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Chicago Public Schools’ 2nd-largest union ratifies new contract

Updated: July 16, 2012 6:25AM



Chicago Public School officials and the system’s second largest union Thursday announced the ratification of a contract that will give 5,500 custodians and other workers two percent raises for each of the next three years and save thousands of jobs.

The deal also gives the Chicago Board of Education a financial escape hatch, allowing the district to cancel any raises in future years that it doesn’t have the money to cover, union officials said.

The agreement with Service Employees International Union Local 73 announced Thursday was ratified by 60 percent of its members, union vice president Taalib-Din Ziyad said.

The union represents custodians, child welfare attendants, watchmen, special education classroom assistants, security officers, school bus aides and other CPS employees.

Ziyad said the union’s prime concerns were wages and job security. He said the contract saved the jobs of 3,600 SEIU members — in effect, two-thirds of the union — that district officials wanted to “phase out” or “contract out” of existence as they battle a $600 to $700 million deficit.

“We were far apart when we first sat down to the table with SEIU Local 73,” schools CEO Jean-Claude Brizard said at a joint news conference with the union. “But we worked through the process and found when you keep lines of communication open and continue negotiating, agreement is possible.”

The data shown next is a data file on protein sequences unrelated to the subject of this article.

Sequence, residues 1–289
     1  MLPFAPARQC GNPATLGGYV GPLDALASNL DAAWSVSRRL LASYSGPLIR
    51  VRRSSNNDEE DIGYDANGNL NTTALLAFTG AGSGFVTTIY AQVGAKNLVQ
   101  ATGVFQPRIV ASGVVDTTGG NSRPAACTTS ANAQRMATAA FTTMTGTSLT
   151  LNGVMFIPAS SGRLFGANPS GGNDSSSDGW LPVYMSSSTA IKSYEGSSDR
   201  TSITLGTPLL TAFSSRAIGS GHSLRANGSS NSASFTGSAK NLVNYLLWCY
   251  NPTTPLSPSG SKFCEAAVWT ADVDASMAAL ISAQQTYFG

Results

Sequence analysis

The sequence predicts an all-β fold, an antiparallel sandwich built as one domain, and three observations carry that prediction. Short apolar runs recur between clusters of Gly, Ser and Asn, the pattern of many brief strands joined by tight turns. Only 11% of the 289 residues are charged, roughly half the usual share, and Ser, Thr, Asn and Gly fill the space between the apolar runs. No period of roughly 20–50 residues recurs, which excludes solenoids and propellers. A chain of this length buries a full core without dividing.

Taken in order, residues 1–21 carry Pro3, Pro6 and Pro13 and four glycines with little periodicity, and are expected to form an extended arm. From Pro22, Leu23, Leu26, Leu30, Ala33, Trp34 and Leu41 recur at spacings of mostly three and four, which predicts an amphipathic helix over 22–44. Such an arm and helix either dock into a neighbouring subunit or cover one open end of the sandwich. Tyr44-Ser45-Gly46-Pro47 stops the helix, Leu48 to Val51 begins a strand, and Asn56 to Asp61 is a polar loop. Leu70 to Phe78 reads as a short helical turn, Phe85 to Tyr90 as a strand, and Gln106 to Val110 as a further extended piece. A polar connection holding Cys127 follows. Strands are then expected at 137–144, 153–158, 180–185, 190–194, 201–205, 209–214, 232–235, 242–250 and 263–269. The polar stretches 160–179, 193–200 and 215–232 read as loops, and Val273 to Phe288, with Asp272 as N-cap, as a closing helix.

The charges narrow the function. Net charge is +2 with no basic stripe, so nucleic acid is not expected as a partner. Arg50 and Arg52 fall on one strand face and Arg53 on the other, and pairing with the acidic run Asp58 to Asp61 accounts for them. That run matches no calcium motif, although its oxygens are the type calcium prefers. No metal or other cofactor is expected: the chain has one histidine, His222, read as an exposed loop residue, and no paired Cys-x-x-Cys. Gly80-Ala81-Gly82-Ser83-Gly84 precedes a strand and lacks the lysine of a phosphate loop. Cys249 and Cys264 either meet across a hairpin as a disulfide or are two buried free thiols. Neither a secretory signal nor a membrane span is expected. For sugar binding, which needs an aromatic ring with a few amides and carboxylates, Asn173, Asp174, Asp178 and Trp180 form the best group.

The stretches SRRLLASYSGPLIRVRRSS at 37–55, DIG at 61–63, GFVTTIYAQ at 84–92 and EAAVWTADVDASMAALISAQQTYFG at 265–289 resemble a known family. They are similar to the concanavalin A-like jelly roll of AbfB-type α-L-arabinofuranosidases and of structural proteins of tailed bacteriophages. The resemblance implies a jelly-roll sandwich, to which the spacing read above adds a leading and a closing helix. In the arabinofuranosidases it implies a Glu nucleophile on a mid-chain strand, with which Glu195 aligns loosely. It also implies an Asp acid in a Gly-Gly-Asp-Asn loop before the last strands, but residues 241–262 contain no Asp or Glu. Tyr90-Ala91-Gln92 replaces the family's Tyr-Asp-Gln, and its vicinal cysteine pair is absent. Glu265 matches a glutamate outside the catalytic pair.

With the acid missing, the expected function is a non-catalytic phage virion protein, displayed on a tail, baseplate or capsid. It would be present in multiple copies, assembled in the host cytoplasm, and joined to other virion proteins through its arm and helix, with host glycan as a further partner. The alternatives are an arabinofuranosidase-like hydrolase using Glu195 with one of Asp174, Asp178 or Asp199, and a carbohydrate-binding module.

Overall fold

Asked the cost of the new SEIU agreement, district spokeswoman Robyn Ziegler said by email that “those details will not be final until the contracts are signed and final.”

The deal also gives child welfare attendants financial help in advancing their career, provides three-day training to all security personnel and changes the current sick-day policy to allow for maternity leave.

The contract is the second that CPS has closed with its unions. Five additional contracts are under negotiation, including one with the Chicago Teachers Union, the district’s largest bargaining unit. Last week, nearly 90 percent of CTU members voted to authorize a strike, if necessary, if negotiations break down.

A financial escape hatch in union contracts allowed the school district this school year to cancel scheduled pay raises with all seven unions. The recision of this year’s 4 percent raise promised teachers, combined with the imposition of a longer school day, further fueled the anger that greeted the district’s initial offer to teachers of a 2 percent pay raise in year one followed by raises based only on an unspecified “differentiated pay” system in years three through five,

However, Brizard insisted Thursday that “talks have not broken down” with the teachers and that “people are working very hard” to reach a compromise.

Job security was also key to the deal reached last month with lunchroom workers, who won two years of two percent raises and a promise that the district would stop its expansion of “warming kitchens” that eliminate the need for union cooks.



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